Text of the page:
Asbjørn: There’s nothing (IMO) intrinsically better about strict doctypes than transitional ones – any more than english is any better or worse than french. It’s useful to declare a DOCTYPE, and sensible to stick to it when you’ve done so. Furthermore, I don’t see why this is unspeakable intermixing of content and behaviour:

    but this isn’t:

    You’re still hard-coding an attribute into each link aren’t you?

  50. Although I wouldn’t use popups, this article is very interesting for providing a HTML-only way of using onclick handlers. For example, I needed to have a link that linked to one page if JS was available, or another page if not available. Problems I came across…

    1. Using SCRIPT to generate a link to a JS-page, and NOSCRIPT to provide the alternative link doesn’t work, because in STRICT doctypes the content of NOSCRIPT has to be block level and this disrupts the flow of the page content (if the link is in a list item for example).

    2. Using causes Bobby to fail the page at WCAG level 2, because it thinks the link is inaccessible to keyboard users. It isn’t. If their browser doesn’t trigger onclick by pressing Enter then they just get the non-JS link instead.

    3. Putting onkeypress into the link, with the same JS content as onclick, satisfies Bobby, but makes any content below the link on the page inaccessible, as Tab is regarded as a valid keypress to activate the link (except in IE – another reason to ditch IE).

    It didn’t actually occur to me that the onclick handler could itself be added to the link via Javscript, leaving the HTML clean and tidy.

  51. “2. Using causes Bobby to fail the page at WCAG level 2, because it thinks the link is inaccessible to keyboard users. It isn’t. If their browser doesn’t trigger onclick by pressing Enter then they just get the non-JS link instead.”

    c’mon… in this case, Bobby is obviously broken. That is no reason not to use the syntax. It has been pointed out on many sites, not the least of which is zeldman’s, that Bobby is sometimes straight-up wrong.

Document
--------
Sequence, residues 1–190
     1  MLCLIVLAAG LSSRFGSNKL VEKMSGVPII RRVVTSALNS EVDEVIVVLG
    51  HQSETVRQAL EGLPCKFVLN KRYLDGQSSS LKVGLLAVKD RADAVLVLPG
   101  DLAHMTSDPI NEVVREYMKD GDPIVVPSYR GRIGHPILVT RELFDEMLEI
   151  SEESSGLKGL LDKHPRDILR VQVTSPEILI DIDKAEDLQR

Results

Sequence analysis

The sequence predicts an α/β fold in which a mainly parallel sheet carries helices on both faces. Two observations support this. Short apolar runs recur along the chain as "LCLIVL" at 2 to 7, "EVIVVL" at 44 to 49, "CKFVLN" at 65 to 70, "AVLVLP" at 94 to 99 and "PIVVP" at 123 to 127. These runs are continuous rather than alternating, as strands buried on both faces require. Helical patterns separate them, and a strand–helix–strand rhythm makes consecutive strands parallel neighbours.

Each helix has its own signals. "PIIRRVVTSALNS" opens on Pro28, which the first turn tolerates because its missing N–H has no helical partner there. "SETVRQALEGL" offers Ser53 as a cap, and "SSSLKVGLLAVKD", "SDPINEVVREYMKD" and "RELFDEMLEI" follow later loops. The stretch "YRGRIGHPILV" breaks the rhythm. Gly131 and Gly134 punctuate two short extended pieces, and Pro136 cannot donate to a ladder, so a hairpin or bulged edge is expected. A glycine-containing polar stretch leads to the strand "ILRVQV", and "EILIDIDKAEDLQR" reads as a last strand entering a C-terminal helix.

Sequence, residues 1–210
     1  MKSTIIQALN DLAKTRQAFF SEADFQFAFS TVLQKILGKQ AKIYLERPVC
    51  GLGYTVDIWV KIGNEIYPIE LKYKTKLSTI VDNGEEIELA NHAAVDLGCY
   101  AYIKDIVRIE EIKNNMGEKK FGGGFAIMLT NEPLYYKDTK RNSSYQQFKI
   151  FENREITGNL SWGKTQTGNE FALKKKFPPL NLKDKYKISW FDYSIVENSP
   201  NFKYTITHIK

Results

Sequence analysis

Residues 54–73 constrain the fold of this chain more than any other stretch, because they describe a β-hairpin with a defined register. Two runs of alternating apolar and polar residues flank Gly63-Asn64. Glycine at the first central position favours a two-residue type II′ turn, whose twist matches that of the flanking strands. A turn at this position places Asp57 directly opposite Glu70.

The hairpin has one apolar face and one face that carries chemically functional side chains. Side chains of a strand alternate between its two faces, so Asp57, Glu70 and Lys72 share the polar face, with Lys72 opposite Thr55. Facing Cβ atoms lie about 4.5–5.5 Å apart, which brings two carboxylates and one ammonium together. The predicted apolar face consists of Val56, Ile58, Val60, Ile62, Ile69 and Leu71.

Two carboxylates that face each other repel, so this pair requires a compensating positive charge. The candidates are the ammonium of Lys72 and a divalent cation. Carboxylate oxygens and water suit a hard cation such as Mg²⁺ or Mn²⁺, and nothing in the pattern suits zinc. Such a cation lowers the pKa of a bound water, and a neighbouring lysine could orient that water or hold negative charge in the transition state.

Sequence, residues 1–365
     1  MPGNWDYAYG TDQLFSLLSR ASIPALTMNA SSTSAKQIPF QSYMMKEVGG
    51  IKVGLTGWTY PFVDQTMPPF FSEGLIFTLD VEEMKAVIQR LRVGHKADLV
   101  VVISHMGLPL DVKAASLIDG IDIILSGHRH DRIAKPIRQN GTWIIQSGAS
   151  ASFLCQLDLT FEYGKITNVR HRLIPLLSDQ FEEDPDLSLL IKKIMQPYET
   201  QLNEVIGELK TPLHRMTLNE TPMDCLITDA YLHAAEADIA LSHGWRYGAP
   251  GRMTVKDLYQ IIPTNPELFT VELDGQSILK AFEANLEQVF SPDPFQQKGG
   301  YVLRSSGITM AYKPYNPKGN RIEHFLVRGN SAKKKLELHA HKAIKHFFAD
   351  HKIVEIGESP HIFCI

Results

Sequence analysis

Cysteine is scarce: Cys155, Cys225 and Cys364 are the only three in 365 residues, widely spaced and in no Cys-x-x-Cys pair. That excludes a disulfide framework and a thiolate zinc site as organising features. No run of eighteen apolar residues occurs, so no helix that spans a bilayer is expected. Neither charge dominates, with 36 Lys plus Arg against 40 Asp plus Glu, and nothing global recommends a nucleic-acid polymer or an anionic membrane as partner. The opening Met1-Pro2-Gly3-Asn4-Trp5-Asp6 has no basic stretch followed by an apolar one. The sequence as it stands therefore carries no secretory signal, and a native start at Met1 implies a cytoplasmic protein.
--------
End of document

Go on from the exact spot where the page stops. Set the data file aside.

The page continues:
We should be designing/developing web pages to solve problems – users’ problems – not to cater to obscure bugs in validator code.

    “1. Using SCRIPT to generate a link to a JS-page, and NOSCRIPT to provide the alternative link doesn’t work, because in STRICT doctypes the content of NOSCRIPT has to be block level and this disrupts the flow of the page content (if the link is in a list item for example).”

    I feel the same way about this, though I recognize it’s a little harder to justify (which is why I put it second). The script/noscript solution is very elegant (I use it myself quite often). It works in every browser I have tested, and is a *defacto* standard which can be counted on to work more often than strict doctypes themselves!

    Just my opinion, but in all but the most extreme cases (erm, library websites, government websites, etc), if you’re working to solve *user problems*, then you will put an elegant solution which works in every browser ahead of a cheesy solution which caters to a poorly-supported standard.

  52. > c’mon… in this case, Bobby is obviously
    > broken. That is no reason not to use the
    > syntax.

    Absolutely – which is why I’ve left it like that with a disclaimer that I’m still claiming WCAG AAA accessibility even though Bobby fails it!